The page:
Afghan officials have confirmed they are investigating intelligence reports about gunmen in two pickup trucks crossing into Afghanistan's western Farah Province from Iranian territory on June 18.
Increased Military Activity
Colonel Rahmatullah Safi, an Afghan border guard commander for three provinces that border Iran, told the German news agency dpa on June 19 that about 20 armed men had crossed the border from Iran.
"Karzai needs all the friends he can get in the international sphere. His relationship with Pakistan is quite troubled. So I think he does not want to make any more enemies on his border and he is trying to keep the relationship with Tehran on as even a keel as possible."
DPA quoted Safi as saying that intelligence reports indicated the gunmen were heading to a part of Farah Province that has seen escalating militant activity in recent months.
Safi made similar comments in an interview that was broadcast by Afghanistan's Ariana TV.
But when questioned by RFE/RL's Radio Free Afghanistan shortly after the German news agency published his remarks, Safi said he could not comment while an investigation is under way.
"We had some reports that two vehicles entered our country from the border areas," he said. "There were only some reports. We have not seen them personally. We have ordered our forces to control such movements. However, we did not find any other incidents."
Safi also has told Western and Afghan journalists that remnants of Iranian ammunition were discovered on the ground in Herat Province after fierce clashes last weekend between Taliban and Afghan police. He said five antitank mines with Iranian markings were also seized at the border two weeks ago.
But Safi told RFE/RL's Radio Free Afghanistan that there is no evidence proving the weaponry has been sent by the Iranian government.
"So far we don't have any evidence which would satisfy our government and the international community that our neighboring countries have been undermining our country’s [laws]," he said. "We would need evidence to prove it. We have ordered our military units to check the reports. We will see what results we are getting after the investigation and assessments in the area."
Earlier this month, Afghan President Hamid Karzai rejected allegations that the Iranian government may be sending weapons to Taliban fighters in an attempt to destabilize his country.
"We don't have any such evidence so far of the involvement of the Iranian government in supplying the Taliban," he said. "We have a very good relationship with the Iranian government. Iran and Afghanistan have never been as friendly as they are today."
But U.S. officials have accused Tehran of shipping advanced weaponry to militants who are trying to bring down Karzai's government.
Earlier this month, U.S. Undersecretary of State Nicholas Burns said Washington has "irrefutable evidence" that Iran's Revolutionary Guard is arming Taliban fighters in Afghanistan.
'Difficult To Believe'
But later, U.S. Defense Secretary Robert Gates said Washington has suspicions but no hard evidence of a direct link between the Iranian government and weapons used in Afghanistan by the Taliban.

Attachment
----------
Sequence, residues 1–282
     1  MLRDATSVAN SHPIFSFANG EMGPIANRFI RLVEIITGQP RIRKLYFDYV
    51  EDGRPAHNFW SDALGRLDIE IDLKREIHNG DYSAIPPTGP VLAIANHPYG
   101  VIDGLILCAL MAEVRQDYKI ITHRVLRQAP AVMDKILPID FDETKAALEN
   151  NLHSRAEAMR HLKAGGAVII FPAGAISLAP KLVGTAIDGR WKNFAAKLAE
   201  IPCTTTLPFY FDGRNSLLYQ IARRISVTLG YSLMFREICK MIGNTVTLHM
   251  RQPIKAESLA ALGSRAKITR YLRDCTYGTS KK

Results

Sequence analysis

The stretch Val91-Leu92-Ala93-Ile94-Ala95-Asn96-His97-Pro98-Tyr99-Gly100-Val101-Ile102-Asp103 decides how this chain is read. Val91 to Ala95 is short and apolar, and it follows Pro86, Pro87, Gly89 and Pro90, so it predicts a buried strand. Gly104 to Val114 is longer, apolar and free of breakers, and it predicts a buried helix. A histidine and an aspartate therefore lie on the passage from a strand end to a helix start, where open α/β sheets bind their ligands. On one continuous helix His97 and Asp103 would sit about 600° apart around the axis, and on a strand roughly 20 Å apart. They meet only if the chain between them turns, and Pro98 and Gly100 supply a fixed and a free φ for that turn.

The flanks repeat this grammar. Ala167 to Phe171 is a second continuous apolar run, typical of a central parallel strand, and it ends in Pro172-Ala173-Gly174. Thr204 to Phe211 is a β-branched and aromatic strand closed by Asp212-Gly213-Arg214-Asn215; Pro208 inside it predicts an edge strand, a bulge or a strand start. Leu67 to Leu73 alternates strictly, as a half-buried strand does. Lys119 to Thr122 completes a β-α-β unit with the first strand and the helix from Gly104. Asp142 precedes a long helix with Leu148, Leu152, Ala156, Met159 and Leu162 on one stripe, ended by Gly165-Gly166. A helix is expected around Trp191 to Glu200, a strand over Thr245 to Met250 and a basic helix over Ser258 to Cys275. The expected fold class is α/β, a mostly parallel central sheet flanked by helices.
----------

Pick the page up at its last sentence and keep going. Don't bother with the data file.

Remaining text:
"I haven't seen any intelligence specifically to this effect, but I would say, given the quantities we are seeing, it is difficult to believe that it is associated with smuggling or the drug business or that it is taking place without the knowledge of the Iranian government," Gates said.
Tehran on June 21 categorically denied that it was sending any aid or weapons to Taliban fighters in Afghanistan.
Iran's state news agency, IRNA, quoted Deputy Foreign Minister Mehdi Safari as saying that the allegations are "so unfounded and irrational that independent officials" in both the United States and the United Kingdom has assessed the claims as "unsubstantiated and unreal."
Karzai Under Attack
Jean MacKenzie, the Afghanistan country director of the Institute for War and Peace Reporting, says Karzai and his administration may be downplaying the issue in order to maintain good diplomatic relations with Tehran.
"Hamid Karzai is in a very difficult situation...at present," MacKenzie said. "He is under attack from all sides within Afghanistan -- people in the government who are not supporting him, a new political front dedicated to undermining Karzai's position and overthrowing him if possible, and then, of course, he has got the Taliban always making problems. Karzai needs all the friends he can get in the international sphere. His relationship with Pakistan is quite troubled. So I think he does not want to make any more enemies on his border and he is trying to keep the relationship with Tehran on as even a keel as possible."
MacKenzie says she is unsure if Karzai or his administration would publicly announce any "irrefutable evidence" that proves the involvement of Iran's government in weapons shipments to Taliban fighters.
"We have got reporters who are trying to run down the weapons link," she said. "There are many reports, much more than anecdotal evidence, that weapons are coming into Afghanistan from Iran. Specifically, into Herat and the other western provinces -- but mostly into Herat. It is very difficult to get people to go on the record on such a topic as weapons shipments, particularly when it involves a foreign government."
(Contributors to this report include RFE/RL's Radio Free Afghanistan correspondent Rashteem Qadiri in Herat and RFE/RL correspondent Farangis Najibullah in Prague.)